Five Findings from a Filthy Filter Photo

Posted by Andrew Greess on Feb 27th 2020

There are at least 5 important lessons we can learn from this one photo.

This was is screen from a weed control power sprayer filter brought in by a tech for service. Tech said his pump stopped pumping, oh, and by the way, “I haven’t been able to check the filter for a few weeks because it is on too tight”. The clogged filter meant the pump was run dry and totally destroyed. This cost the company over $1000 in repairs, not to mention wages paid to employee sitting waiting for repair, cancelled appointments, etc.

       

Here are 5 important lessons to be learned from this photo.

      

1. Clean your equipment, including cleaning your filter

One of the most important points with any pest control equipment or landscape power sprayers is clean it out. We estimate that at least half the problems we see in our pest equipment repair shop are caused by this very problem.

On your pest control power sprayer, check your filter every day. Clean out your tan periodically. Almost any piece of equipment you rely on to do your job will work better if periodically cleaned.

           

2. Inspect your equipment

If you are the manager or owner of a company with multiple techs and vehicles, it is critical that you inspect your vehicles and pest control equipment. As Ronald Reagan said about the Soviet Union many years ago, “Trust but verify”.

You cannot assume that your techs are doing everything you want them to. If they did, our pest control equipment repair shop wouldn’t be as busy as we are.

There are a couple of ways to do it. You need to find the way that works for you. A quick visual inspection can be valuable. A periodic detailed inspection of landscape power sprayers can also be valuable, though it will take more time.

There is a middle ground: pick a couple of key indicators and look for those. Here is an article I wrote for Pest Management Magazine about how the rock band Van Halen does it: https://www.mypmp.net/2012/10/04/what-pmps-can-le...

      

3. Train & Retrain your Techs

Just because you trained Joe on day 1 doesn’t mean he is still doing things the way you want him to. Often, techs find shortcuts, and often shortcuts can cost the company money.

A couple of years ago I did some training for a medium-sized pest control company. I made the point that it is important to check and clean your filter every day. One of the techs asked, “where is the filter”? I answered his question and thanked him for having the guts to ask the question in a room full of people. After the training, the supervisor came up to me and said, “I showed him where the filter was on his first day of work!”

This really brought the point home to me. If it is important, you many need to tell someone more than once.

I would go a step further. Don’t just tell him (or her) what to do, explain why they need to do it. In the example at the top of this post, had the tech realized how important it was to check his filter, he might not have cost his company so much money.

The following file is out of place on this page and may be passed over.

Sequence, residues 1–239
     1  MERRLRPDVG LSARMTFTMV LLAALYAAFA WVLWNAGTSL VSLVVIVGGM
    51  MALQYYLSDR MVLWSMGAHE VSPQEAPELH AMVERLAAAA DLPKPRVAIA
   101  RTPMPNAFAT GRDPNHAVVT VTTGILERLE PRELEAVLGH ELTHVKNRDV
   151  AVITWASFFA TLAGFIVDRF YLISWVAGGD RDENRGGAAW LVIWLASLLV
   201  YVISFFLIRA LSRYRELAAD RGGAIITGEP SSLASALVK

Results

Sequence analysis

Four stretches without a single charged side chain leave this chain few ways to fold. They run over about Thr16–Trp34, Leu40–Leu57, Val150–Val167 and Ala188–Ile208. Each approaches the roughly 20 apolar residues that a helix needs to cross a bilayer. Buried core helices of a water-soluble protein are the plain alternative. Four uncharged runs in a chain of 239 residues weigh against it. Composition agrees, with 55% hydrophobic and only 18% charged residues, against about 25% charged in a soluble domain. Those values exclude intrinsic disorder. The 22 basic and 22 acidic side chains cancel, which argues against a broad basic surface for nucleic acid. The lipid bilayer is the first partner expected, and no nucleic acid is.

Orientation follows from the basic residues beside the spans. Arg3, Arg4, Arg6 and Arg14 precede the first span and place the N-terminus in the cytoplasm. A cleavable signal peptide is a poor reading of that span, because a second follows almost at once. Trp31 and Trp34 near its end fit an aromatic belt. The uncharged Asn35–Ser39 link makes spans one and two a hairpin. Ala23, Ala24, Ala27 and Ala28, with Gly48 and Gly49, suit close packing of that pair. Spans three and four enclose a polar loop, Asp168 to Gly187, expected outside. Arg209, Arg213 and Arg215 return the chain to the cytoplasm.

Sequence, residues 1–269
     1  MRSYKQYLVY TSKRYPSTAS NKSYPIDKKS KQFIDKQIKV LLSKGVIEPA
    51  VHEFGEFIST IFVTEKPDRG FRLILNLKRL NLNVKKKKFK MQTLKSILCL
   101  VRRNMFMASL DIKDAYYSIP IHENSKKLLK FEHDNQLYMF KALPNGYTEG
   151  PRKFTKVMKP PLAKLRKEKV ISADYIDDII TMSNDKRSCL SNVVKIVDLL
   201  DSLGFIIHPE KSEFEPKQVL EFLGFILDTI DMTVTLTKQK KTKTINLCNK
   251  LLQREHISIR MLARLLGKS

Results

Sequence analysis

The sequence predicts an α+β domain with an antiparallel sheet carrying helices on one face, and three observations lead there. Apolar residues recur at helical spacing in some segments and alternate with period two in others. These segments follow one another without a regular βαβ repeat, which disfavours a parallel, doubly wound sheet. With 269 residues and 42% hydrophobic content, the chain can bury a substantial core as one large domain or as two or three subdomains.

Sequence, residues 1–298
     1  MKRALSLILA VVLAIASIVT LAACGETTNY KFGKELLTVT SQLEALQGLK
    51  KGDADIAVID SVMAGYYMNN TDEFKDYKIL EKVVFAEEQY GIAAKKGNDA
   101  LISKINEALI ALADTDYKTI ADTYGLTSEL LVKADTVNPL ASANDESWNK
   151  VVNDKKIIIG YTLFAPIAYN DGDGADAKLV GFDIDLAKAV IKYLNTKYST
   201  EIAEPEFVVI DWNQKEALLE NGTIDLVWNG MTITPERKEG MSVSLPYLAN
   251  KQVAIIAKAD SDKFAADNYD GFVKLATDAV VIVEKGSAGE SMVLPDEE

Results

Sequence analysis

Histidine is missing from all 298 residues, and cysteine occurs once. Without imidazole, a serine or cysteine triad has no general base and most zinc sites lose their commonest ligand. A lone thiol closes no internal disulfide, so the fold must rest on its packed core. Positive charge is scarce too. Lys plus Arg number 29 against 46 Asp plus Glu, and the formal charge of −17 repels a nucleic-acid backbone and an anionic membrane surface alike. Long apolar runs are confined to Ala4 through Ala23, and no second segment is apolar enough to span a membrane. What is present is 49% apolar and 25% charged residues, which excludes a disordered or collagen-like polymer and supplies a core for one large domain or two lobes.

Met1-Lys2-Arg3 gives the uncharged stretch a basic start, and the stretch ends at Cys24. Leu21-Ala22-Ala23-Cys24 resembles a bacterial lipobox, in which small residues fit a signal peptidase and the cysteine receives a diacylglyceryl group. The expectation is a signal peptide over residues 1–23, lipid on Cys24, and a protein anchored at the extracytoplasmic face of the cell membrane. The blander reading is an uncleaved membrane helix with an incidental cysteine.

4. Encourage Problem Reporting

If this tech had told his boss a couple of weeks ago that he couldn’t open the filter, the boss would have dealt with the problem and saved lots of money, downtime and stress.

We’re constantly amazed at the equipment problems spray techs tolerate. They’ll continue to use leaking pumps, hose and backpacks. Spray equipment problems always worsen and are more expensive to fix. Deal with problems and encourage employees to report problems so you can take the appropriate action.

5. Keep Important Replacement Parts on Hand

When it comes to pest or landscape routes, productivity is the name of the game. Downtime kills productivity, profits and customer satisfaction.

Many repairs are quite simple and can be done by you.

Keep these parts on hand to minimize downtime and missed appointments. Think of parts in 2 categories: vehicle and office. Lots of common equipment issues can be fixed easily in the field. These parts should be kept in the vehicle to save time. For example, on the hand sprayer, tips and tank gaskets wear out regularly, and can be easily replaced in the field. Conversely, the valve cable that runs through the hand sprayer wand requires wrenches and more time, so this replacement part should be kept at the office.

In this specific example, an extra filter and filter gasket might have come in pretty handy.

Here are so additional photos that show the impact of this filter.

#1: Pump valve clogged with chemical

        


#2.  Clogged filter means water can't get to pump.  Pump runs hot, diaphragms burst.

         

#3.  When diaphragms burst, all the oil runs out of the pump. 

Running the diaphragm pump without oil is like running your car without oil.  Total destruction.  This connecting rod should be perfectly smooth.  It is grooved out and has metal from other pump parts melted to it.  Ouch!  Expensive!